Cement industry invests heavily in environmental protection

German cement manufacturers invest a lot of money in environmental protection. As shown by the recently published “Environmental Data of the German Cement Industry 2017”, constant investment in environmental technology has made it possible to achieve further progress in increasing energy efficiency and reducing the emissions of the plants. “The reduction of nitrogen oxides (NOx) is of particular significance for cement manufacturers, which is why they employ extensive, state-of-the-art reduction processes to reliably satisfy limit values and ensure the protection of both the environment and local residents”, says Christian Knell, President of VDZ.

The ongoing optimisation of cement production has brought about major improvements in terms of environmental protection. For example, it proved possible to reduce average nitrogen dioxide emissions (NO2) to below 300 mg/Nm³ in 2017. The value has thus been more than halved since 2000.

Further progress is also being made with regard to cutting CO2 emissions. “By consistently promoting the development of clinker-efficient cements, German cement manufacturers are noticeably reducing the carbon footprint as compared to traditional Portland cements”, explains VDZ President Knell. The use of alternative fuels, some with high biomass content (e.g. used tyres, sewage sludge), also makes a contribution towards lowering CO2 emissions. In 2017 for instance, only 35 % of the fuel energy employed in the industry as a whole came from fossil energy sources, which means around 2.3 million t less coal. In other words, today almost two thirds of the thermal energy demand is covered by alternative fuels. These are however not just energy sources, they also serve as direct raw materials for cement clinker in the form of combustion ash.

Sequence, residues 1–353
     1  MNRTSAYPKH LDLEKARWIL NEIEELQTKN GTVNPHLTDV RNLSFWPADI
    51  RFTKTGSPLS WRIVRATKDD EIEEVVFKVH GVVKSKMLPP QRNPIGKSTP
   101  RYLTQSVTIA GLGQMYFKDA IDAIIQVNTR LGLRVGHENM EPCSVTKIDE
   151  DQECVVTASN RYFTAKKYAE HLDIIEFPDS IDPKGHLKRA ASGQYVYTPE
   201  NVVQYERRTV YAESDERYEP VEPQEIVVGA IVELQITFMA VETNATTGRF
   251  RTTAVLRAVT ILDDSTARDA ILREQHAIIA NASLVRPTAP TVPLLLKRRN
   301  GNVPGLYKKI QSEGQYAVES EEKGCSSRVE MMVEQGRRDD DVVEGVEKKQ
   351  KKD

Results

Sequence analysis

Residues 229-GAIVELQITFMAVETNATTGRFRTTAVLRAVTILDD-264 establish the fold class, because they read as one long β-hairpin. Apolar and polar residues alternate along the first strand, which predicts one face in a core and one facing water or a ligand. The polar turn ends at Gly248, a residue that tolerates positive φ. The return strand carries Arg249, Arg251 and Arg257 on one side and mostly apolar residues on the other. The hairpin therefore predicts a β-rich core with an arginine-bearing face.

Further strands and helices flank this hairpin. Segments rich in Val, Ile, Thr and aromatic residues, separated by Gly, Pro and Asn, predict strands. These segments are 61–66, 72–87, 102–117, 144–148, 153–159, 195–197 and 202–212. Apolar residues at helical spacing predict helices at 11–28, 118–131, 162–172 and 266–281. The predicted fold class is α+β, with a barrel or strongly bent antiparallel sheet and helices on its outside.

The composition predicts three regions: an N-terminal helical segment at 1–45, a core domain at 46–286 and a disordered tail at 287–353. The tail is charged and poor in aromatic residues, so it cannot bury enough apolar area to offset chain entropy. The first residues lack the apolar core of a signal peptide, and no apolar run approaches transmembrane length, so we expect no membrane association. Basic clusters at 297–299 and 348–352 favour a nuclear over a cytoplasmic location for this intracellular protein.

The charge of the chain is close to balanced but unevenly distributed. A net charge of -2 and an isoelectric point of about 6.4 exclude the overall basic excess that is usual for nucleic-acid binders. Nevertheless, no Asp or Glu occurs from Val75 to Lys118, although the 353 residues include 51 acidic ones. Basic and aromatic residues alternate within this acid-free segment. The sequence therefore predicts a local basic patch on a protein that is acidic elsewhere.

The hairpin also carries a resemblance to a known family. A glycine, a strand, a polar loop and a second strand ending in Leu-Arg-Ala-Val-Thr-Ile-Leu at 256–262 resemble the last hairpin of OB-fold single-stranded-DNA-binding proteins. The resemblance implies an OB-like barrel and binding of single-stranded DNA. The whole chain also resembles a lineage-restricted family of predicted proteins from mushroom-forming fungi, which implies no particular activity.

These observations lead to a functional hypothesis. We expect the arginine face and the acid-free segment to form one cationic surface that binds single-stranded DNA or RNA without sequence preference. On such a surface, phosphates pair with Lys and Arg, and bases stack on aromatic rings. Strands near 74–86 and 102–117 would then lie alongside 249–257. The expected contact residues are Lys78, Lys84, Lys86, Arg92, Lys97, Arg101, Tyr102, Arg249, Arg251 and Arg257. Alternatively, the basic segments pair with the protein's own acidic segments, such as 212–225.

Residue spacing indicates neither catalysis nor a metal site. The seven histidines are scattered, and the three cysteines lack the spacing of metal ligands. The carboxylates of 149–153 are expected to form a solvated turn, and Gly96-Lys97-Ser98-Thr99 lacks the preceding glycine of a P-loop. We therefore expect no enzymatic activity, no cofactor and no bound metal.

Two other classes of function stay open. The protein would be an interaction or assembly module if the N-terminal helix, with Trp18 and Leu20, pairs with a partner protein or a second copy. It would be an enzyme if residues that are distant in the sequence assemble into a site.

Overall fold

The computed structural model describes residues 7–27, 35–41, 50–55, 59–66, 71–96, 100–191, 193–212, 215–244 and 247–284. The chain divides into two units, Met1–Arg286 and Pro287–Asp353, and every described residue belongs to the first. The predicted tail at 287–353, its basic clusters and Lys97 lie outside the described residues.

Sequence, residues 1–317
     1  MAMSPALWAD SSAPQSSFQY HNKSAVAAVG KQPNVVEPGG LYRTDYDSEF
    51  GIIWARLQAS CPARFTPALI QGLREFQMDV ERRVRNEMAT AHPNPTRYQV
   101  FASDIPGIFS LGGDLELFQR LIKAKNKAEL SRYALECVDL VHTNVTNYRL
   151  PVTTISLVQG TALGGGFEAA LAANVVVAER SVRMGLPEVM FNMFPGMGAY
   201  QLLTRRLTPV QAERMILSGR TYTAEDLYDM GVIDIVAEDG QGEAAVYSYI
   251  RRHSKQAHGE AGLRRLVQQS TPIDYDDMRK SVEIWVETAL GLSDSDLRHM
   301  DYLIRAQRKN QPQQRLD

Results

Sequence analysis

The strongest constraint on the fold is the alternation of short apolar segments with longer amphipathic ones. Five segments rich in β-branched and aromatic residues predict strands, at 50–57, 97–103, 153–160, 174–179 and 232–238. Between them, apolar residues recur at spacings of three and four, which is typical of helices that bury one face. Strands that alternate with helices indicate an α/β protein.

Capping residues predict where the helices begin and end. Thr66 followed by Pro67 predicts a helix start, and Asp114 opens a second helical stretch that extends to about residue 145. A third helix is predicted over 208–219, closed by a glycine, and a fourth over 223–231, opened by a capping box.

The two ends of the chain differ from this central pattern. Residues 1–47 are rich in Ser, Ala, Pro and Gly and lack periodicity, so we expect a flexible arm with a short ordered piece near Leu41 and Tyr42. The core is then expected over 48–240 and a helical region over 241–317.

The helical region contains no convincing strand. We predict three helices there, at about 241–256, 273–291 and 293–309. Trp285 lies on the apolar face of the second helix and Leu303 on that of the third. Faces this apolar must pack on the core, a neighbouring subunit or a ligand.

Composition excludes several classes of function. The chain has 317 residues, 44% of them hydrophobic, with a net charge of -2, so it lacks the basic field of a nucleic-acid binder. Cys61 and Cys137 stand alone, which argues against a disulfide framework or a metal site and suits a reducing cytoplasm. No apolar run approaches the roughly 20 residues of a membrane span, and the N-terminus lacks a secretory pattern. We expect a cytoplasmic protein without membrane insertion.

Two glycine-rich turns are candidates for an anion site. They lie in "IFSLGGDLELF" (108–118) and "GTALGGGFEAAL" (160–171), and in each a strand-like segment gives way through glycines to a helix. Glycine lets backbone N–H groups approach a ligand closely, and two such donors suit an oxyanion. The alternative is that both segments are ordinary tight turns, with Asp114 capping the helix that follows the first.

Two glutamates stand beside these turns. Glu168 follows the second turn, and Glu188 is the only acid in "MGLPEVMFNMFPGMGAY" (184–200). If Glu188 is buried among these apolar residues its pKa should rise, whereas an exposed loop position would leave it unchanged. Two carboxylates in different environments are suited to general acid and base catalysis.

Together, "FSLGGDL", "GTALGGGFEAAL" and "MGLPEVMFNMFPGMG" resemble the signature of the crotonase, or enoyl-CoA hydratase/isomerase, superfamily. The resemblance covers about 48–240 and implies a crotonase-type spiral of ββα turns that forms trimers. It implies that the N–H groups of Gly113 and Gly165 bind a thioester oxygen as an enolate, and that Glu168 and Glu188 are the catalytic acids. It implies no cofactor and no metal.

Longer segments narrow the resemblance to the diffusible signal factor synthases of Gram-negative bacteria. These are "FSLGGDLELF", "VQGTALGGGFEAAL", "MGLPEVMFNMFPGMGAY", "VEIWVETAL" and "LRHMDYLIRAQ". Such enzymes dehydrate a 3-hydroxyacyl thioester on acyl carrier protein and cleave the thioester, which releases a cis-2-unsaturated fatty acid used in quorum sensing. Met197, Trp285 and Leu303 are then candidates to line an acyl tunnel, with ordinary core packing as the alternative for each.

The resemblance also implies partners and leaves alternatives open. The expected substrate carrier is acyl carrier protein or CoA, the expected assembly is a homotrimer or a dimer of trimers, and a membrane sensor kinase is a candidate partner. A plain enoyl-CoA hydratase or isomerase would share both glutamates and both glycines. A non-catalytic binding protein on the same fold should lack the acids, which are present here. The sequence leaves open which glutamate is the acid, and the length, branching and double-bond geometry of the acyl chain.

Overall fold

Raw material-related process emissions occurring during cement production are however a limiting factor for the further reduction of CO2 emissions. This is why, together with their European partners from industry and science, German cement manufacturers are conducting research into suitable carbon capture, storage and utilisation techniques. The intention is to put the carbon capture process to the test in the course of two industrial-scale demonstration projects. “Although the cement industry is making a significant contribution itself, it is dependent on external financing as well”, explains Knell. The higher costs associated with carbon capture must not however be allowed to jeopardise the competitiveness of domestic cement manufacturers and give rise to undesirable carbon leakage effects.



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